Community Research and Development Information Service - CORDIS


Rates and mechanisms of radioactive release and retention inside a waste disposal canister (In Can Processes), Final report

Project ID: FIKW-CT-2000-00019
Funded under: FP5-EAECTP C


Sweden and Finland are planning to dispose of spent nuclear fuel in a deep underground repository constructed in granitic rock. Each country is investigating candidate sites and developing the scientific and technical basis for assessing the safety of an eventual repository. An essential part of the safety assessment involves understanding the behaviour of the spent fuel after it is placed in the geologic environment.
The fuel will be sealed inside a copper canister that contains a cast iron insert. The copper functions as a corrosion-resistant barrier, while the cast iron insert fills much of the internal void space, adding strength to the canister and reducing the space available for water to accumulate inside the canister after the corrosion barrier is breached. The canisters will be surrounded by compressed bentonite, which will limit the access of water and dissolved species to the canister. Oxygen that is ini-tially present when the disposal environment is sealed will be rapidly consumed by pyrite in the bentonite, bacterial species in the rock, and reduced inorganic materials in the rock.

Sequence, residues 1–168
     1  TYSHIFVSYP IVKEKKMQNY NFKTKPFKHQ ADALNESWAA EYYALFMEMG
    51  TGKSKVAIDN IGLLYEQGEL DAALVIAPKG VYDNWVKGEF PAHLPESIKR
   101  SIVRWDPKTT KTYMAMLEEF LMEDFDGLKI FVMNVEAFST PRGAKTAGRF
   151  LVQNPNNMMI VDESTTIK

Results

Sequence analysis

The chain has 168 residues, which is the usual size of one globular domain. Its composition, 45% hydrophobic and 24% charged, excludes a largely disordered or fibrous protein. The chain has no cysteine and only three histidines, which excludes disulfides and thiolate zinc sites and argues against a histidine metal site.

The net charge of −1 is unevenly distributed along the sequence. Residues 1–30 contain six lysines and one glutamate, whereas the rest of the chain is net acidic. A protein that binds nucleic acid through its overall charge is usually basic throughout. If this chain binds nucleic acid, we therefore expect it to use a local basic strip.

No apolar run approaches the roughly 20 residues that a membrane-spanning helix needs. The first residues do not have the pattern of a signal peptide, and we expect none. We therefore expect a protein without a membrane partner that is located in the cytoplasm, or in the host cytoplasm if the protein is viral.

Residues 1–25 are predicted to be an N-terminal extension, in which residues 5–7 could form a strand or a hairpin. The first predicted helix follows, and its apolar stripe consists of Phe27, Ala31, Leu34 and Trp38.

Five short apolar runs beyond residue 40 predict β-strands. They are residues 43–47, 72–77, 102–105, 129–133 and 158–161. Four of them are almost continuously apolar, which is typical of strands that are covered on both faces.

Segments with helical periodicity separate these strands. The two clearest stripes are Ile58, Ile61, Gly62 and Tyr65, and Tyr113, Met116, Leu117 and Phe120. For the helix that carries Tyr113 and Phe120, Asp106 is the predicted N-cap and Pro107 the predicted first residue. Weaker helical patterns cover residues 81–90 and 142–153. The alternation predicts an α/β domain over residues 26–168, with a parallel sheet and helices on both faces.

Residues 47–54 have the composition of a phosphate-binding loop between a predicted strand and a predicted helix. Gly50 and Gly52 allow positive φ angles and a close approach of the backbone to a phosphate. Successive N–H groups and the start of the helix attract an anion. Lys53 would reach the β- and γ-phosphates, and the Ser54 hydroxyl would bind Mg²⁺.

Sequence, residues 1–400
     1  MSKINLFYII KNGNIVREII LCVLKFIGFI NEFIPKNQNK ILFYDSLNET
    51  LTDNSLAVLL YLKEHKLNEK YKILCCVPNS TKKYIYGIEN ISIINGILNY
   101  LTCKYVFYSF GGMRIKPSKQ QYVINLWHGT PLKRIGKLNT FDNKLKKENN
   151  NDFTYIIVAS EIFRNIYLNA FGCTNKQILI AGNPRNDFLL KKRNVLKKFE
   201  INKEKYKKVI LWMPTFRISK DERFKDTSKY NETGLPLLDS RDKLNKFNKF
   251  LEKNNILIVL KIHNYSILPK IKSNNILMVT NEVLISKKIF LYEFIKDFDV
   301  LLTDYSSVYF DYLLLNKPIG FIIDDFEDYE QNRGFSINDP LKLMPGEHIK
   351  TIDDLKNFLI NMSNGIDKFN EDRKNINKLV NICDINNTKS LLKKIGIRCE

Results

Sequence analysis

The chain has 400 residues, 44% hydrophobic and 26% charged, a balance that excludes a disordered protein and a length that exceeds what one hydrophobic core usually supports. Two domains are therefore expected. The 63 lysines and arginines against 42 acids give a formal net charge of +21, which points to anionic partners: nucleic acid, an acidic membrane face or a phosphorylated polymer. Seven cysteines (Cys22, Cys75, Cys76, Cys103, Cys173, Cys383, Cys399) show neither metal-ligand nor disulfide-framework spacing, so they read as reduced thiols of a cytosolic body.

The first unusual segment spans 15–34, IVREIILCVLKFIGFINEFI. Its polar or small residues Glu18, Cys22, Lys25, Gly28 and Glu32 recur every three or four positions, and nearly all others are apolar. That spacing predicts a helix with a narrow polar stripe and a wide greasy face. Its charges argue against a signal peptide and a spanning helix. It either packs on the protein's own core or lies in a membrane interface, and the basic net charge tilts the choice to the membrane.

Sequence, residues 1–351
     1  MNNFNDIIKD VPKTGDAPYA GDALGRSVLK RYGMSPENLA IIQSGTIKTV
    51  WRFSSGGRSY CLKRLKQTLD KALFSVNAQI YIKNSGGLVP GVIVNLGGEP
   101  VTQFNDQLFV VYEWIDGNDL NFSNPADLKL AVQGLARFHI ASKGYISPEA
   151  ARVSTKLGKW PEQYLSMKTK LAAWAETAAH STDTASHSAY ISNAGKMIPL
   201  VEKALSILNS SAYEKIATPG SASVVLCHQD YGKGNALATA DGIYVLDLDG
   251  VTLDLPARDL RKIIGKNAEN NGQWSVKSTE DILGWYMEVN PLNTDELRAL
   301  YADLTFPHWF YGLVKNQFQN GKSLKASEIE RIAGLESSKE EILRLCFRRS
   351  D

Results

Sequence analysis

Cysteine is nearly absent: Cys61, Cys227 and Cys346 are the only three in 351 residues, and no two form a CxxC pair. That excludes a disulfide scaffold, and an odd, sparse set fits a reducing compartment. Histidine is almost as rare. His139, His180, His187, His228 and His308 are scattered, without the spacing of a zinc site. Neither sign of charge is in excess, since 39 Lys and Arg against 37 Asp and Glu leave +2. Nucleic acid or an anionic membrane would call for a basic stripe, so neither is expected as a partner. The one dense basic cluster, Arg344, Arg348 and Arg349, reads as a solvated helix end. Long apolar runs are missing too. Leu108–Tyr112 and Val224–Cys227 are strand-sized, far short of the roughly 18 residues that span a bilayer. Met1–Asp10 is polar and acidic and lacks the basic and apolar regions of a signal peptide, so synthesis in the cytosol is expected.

The copper canister will prevent access of water to the iron until it is corroded through, a process that is expected to take millions of years. After water contacts the iron, anaerobic corrosion of the insert will generate hydrogen gas and introduce Fe(II) ions into the water. The long-term environment for the fuel, therefore, is a highly reducing environment. The only possible source of oxidising agents is radiolysis of the water by radiation from the fuel. In the long term, the radioactivity in the fuel is due to isotopes that decay by alpha decay; most of the activity from beta and gamma radiation will have decayed away.

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